WE ’ LL MATCH AUSSIES ’ FIRE
Jimmy promises fast start to Ashes
JIMMY ANDERSON prefers to express himself with wickets – but the England paceman admits he does love the trash talk surrounding The Ashes.
With the opening Test against Australia at Edgbaston now less than a month away, Anderson is starting to focus his thoughts on the likes of David Warner, Steve Smith and Marnus Labuschagne.
But that has not prevented him enjoying the hype which has seen fellow quickie Ollie Robinson predicting a 5-0 England win.
And Aussie spinner Nathan Lyon hitting back with the promise that the men in the baggy green caps will be the ones delivering a thrashing.
Anderson, 40, prefers to expend his energy on thinking how he will add to a Test haul of 685 wickets that stands as a world record for a fast bowler.
But the Burnley Express said: “I loved hearing Ollie say we’re going to whitewash the Aussies because it shows how confident he feels going into the series.
“I really admire the way Ollie plays the game and what he brings to our team. So if he thinks that, then great.
“I’ve never been one to get involved in that kind of verbal stuff, but it gives the fans something to talk about and it does bring more focus to the series and an extra bit of spice.
“It’s all part of the noise that everyone now expects from an
Ashes series and it all adds to the occasion and the spectacle.
“Nathan Lyon has come out with something similar, but we are used to that because he does tend to do a lot of talking off the pitch.
“But the truth is that Nathan is actually a pretty quiet bloke when he’s out in the middle, so we don’t take anything he says too seriously.”
Anderson was back where it all started for him during the week when he visited his old primary school in Burnley as part of an initiative by the Chance to Shine charity and Lord’s Taverners to take coaching into the nation’s playgrounds.
St Mary’s Roman Catholic Primary School is in the shadow of Turf Moor and a six-hit away from the square at Burnley Cricket Club where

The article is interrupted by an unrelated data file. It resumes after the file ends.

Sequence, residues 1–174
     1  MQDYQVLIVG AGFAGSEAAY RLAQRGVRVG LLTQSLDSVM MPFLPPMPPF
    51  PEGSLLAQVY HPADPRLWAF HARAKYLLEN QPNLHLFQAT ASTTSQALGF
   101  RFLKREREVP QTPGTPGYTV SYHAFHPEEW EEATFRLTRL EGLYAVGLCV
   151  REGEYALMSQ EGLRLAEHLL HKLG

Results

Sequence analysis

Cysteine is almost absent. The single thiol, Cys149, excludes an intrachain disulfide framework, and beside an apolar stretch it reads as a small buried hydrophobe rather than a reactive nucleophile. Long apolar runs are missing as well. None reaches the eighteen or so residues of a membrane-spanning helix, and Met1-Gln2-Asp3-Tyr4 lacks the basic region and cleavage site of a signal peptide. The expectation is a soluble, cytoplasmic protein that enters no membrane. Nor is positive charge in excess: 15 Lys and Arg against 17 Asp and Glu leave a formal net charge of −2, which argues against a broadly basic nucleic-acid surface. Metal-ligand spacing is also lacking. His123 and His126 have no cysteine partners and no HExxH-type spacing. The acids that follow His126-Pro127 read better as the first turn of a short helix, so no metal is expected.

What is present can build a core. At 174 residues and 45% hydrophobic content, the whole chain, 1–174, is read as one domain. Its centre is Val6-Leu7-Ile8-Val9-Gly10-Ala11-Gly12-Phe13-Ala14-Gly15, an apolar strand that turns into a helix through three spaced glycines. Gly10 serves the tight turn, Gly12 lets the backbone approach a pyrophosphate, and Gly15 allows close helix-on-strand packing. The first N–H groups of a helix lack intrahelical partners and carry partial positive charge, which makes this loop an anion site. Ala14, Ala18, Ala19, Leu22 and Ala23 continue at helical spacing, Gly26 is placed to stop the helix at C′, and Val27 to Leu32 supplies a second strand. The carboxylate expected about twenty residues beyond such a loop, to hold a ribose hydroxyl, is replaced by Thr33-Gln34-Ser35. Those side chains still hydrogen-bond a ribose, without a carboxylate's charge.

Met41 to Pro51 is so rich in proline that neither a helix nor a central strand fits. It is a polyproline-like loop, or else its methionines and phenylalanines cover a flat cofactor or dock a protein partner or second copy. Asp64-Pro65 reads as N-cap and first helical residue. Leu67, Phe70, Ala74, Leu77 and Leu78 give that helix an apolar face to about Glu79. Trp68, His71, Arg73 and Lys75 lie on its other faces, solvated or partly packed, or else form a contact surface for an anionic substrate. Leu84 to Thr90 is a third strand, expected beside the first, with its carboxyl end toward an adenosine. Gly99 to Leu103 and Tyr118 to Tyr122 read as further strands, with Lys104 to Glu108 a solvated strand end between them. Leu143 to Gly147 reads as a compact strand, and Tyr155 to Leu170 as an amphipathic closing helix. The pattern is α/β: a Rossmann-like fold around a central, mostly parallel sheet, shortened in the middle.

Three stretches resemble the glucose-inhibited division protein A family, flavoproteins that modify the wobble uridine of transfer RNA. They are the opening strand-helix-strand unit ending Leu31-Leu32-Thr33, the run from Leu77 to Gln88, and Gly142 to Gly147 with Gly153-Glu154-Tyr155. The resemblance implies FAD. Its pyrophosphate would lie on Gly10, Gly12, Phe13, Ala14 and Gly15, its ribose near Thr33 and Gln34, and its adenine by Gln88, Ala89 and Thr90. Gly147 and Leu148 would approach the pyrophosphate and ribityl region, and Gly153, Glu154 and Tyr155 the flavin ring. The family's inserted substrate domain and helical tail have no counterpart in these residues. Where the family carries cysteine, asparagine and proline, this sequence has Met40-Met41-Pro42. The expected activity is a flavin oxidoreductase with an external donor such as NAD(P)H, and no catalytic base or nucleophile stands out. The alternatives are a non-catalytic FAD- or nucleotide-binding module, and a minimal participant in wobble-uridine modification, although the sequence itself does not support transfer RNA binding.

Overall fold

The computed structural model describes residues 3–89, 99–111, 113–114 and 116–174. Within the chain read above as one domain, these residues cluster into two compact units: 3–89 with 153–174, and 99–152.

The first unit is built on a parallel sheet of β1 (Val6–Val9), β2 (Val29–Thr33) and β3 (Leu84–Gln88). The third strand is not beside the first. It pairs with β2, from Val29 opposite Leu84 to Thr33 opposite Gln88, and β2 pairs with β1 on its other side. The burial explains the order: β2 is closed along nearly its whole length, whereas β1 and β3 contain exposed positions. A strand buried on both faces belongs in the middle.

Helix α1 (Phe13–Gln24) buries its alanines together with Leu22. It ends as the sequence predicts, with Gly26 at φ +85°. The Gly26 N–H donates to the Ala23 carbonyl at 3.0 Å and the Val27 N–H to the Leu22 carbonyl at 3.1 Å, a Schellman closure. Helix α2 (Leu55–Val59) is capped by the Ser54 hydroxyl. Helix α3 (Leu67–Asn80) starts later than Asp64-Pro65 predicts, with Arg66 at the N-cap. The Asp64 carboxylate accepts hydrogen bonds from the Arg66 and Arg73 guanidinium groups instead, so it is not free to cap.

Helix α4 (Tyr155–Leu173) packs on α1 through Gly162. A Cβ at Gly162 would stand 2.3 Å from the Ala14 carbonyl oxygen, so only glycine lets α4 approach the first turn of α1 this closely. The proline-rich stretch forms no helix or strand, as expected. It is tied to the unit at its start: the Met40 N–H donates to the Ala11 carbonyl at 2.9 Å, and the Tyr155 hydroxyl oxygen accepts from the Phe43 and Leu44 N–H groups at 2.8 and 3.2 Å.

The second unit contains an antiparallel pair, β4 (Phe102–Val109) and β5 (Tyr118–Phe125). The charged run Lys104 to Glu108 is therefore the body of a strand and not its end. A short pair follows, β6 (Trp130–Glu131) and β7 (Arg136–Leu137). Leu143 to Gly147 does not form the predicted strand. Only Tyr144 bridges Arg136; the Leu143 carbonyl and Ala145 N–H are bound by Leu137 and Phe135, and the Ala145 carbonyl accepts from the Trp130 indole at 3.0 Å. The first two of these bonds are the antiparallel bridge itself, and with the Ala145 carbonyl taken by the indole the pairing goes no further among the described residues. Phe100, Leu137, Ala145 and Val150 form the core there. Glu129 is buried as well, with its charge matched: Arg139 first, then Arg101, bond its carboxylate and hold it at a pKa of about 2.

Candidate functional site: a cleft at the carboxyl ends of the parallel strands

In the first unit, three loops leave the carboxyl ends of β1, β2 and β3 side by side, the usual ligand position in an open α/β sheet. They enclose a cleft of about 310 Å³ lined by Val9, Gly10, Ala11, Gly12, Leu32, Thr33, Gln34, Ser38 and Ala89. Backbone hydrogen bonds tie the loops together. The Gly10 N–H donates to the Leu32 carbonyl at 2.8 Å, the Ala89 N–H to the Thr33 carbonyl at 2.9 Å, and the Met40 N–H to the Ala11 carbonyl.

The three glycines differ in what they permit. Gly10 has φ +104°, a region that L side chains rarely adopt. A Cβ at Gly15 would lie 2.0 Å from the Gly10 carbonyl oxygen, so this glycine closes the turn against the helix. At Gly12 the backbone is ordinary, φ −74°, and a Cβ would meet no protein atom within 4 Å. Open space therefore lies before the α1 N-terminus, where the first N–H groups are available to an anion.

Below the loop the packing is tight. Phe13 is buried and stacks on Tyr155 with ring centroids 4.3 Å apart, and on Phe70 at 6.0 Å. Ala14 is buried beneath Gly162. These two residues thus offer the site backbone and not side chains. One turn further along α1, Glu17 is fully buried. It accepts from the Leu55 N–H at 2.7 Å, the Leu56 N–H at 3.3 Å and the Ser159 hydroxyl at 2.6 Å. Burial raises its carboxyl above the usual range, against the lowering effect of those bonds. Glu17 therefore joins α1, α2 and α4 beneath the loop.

Anderson cut his teeth as a kid. Deputy head Amanda Barrett still refuses to call him Jimmy.
She recalls: “James was a quiet boy – but when it came to sport he was very competitive.”
Anderson’s combative nature has not been dulled by a 20-year Test career that has had to evolve again in the 12 months since coach Brendon Mccullum (left) and captain Ben Stokes introduced the ultraaggressive Bazball approach to the England camp. Anderson said: “It isn’t just about being more positive with the bat. “There has also been a big change in the way we play in the field. The message from Ben is that he wants 20 wickets and he doesn’t care too much about the run-rate. “In years gone by, my job has often been to be patient and boring and dry the runs up at one end to create pressure.
“It feels like we’re on the attack all of the time now, setting fields to force the issue.
“It’s been a big change – but the important thing is that we have all bought into it.
“Trying to play Bazball against Australia will be a challenge, but I can’t see Ben or Brendon backing down.
“If anything, the message will be for us to be even more positive and aggressive against them.
“We know how the Aussies will react. They’re an aggressive, competitive team who never take a backward step themselves.
“I wouldn’t be surprised if Australia tried to come back at us even harder, so it should be a fantastic Ashes series.”